Nice Girl in Love

Dear Nice Girl,

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Well, someone is destined to get hurt if he keeps living in that apartment. If you're serious about making a go of it with him, he should move out of there -- but not in with you, that's too soon. He should move in with some guys who work on motorcycles in the garage and have guitars lying around that are all sticky from being played too close to the Cheese Doodles. He's a frigging kid is what I'm saying. He needs to grow up a little. It sounds like his emotional attachments to women are insufficiently differentiated. It doesn't sound like your best shot, frankly, but if you want to make a go of it, like I said, see if you can get him to move out of there. And splash some cold water on his face.

Dear Cary,

When I met Sean, he had already bought his dream house, a one-bedroom, one-bathroom place with 660 square feet plus a half basement on one-quarter acre with redwoods, oaks and various fruit trees. It's a nice place, especially the yard. I used to hate the bathroom, and we recently had it remodeled and now I like it. We tried to do an addition last year when I got pregnant, but the county gave us so much trouble that we gave up after having poured a bunch of Sean's money into the planning and permitting process. Since we gave up on the addition, for Petey's room we're planning to partition the living room by putting up a wall. And then maybe when he's older we'll turn the half-basement into a room, or put a trailer in the driveway, or turn the tool shed into a room. I know it could work. We can afford this house on one of our incomes, so if one of us is out of work we can still pay the mortgage, which of course is very nice and secure.

The problem is, it's his house. It has never felt like my house even after we got married. He paid the down payment, and he pays the mortgage. I pay a car payment, and I pay for daycare, so I'm not a complete freeloader. Part of my problem is I've never lived in a place that I fell in love with and chose to live there.

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There's a house that just got put up for sale. I drove by it yesterday. It's romantically perched on the side of a mountain and has a deck with a beautiful view, two bedrooms and two bathrooms, plus a bonus room. I think Sean and I could afford it on what we make. I am dying to see the inside of it. This bigger house I'm not sure we could afford on one income, but we're both working! Why are we both working and not living in an adequately sized house?! I guess I just think that for all our trouble, we should have more.

But Sean and I split the cost of the bathroom remodel, and he just replaced the wood stove with a gas heater, so we have invested a lot in this house without yet getting the benefit of those investments. Most importantly, he wants to live in the house we're in until he dies. And I'm afraid that even if we did move then I'd become one of those people who is never content with what she has. And I know he would think that of me if I suggest that we move.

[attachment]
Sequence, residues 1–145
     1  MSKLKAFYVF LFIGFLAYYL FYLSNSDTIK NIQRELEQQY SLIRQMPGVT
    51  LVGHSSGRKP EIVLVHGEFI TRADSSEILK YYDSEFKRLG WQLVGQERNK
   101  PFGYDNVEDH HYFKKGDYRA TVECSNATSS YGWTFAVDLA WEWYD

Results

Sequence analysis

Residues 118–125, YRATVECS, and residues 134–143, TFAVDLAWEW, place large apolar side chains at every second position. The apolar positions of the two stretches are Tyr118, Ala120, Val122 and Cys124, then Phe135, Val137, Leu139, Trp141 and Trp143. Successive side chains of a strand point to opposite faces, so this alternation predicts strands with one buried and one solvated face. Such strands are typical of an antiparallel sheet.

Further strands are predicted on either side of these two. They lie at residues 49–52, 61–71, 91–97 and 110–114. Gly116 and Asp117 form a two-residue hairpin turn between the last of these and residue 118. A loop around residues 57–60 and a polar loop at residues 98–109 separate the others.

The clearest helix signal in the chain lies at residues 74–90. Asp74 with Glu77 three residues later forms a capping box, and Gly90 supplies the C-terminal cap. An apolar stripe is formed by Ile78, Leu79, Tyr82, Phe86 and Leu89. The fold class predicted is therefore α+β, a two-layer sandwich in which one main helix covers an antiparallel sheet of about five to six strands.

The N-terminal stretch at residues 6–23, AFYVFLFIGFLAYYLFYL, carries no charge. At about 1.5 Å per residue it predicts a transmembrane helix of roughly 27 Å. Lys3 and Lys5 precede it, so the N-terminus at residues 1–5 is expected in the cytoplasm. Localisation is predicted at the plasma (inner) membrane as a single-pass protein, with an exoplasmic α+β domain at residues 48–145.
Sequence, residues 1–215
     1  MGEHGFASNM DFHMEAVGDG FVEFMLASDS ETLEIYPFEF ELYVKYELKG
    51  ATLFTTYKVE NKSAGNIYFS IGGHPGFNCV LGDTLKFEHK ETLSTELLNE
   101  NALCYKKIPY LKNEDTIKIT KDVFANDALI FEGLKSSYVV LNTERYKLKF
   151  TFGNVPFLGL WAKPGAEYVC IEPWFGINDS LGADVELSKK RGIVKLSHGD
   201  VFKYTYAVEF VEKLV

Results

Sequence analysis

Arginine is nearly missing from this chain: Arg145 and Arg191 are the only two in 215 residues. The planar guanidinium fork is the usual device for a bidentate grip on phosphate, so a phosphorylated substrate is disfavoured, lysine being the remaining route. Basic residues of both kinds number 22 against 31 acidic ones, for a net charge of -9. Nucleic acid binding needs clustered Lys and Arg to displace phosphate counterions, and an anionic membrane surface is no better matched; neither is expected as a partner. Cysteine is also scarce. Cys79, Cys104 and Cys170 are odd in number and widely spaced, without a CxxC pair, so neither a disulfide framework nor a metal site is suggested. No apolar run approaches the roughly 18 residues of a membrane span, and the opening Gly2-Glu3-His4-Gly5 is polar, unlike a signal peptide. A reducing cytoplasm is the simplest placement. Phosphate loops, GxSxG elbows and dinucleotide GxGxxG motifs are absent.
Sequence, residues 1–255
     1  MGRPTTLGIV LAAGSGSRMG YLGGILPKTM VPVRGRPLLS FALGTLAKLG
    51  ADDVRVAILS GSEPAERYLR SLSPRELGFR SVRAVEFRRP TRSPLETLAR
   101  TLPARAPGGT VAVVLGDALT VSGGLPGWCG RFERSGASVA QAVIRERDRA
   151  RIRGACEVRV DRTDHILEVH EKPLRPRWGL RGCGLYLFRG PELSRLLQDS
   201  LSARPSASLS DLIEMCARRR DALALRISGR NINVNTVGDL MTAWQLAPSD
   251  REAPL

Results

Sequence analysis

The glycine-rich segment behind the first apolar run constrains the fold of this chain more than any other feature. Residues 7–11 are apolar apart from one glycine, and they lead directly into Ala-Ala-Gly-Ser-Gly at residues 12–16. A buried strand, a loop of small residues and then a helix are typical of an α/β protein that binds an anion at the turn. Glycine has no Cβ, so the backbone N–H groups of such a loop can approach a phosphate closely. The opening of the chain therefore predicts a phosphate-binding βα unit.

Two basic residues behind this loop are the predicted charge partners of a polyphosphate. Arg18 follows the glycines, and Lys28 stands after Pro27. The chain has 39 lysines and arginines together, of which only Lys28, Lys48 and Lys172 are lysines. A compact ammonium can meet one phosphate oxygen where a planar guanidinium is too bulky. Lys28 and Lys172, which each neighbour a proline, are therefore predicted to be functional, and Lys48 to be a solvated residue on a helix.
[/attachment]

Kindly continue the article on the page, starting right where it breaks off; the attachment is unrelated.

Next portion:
I'm thinking of making an appointment with the real estate agent to show me the bigger house just to see if I really love it. That way I'd know if it's worth fighting for and dreaming about. But would that be almost like cheating, seeing the house without telling Sean? Yesterday when I drove by it, I told him I was going to the post office, so I've already told one lie. Am I just being super-bourgeois for wanting to love my house?

Thinking of Cheating ... on My House

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Dear Thinking of Cheating,

We might put our bodies next to lovers, but we put our dreams in houses. If the chemistry is there it can feel like adultery. I hope you came back from the "post office" with some mail, or some stamps!

Even though it feels a little disloyal, I think you should make the appointment with the real estate agent and give the place a look. It's not really adultery. It's just a house. This kind of desire is no threat to your marriage. It's a positive thing. You need to test this desire against the possible.

It's true that your house is too small, and it's going to keep shrinking as your kid grows. But it sounds like it's also in a very wonderful place, and it represents a lifelong attachment to the land for your husband. I have a feeling, given economic reality, that your best bet is to stay there and continually improve the place over the years.

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You have options, though. You gave up on the addition, but you didn't burn the plans, did you? There's a possibility you could still build the addition, either without a permit or after steeling yourself against more paper torture. It does seem a shame to give up on it. Good luck.

Dear Cary,

I love my boyfriend very much, and while our fledgling relationship (going on a year now) may not be perfect, I treasure it. He spent much of his adolescence abusing, and being abused by, drugs. He dealt drugs, he dropped out of high school, and he learned to hate himself. Several months before we met, he came to the decision that he hated who he had become, and he quit. The town he lived in is absolutely inundated with drugs, and there's barely a person in his peer group who doesn't use them. In order to quit, he had to isolate himself completely, since no social circle was safe.

The wisdom, strength and determination it took for him to make this decision were qualities I greatly admired in him when we met. Though I have never done drugs, they've played a terrible and destructive role in my life. I was able to completely appreciate the magnitude of his decision. I fell in love with him for many reasons, but what this action said about him was certainly one of them.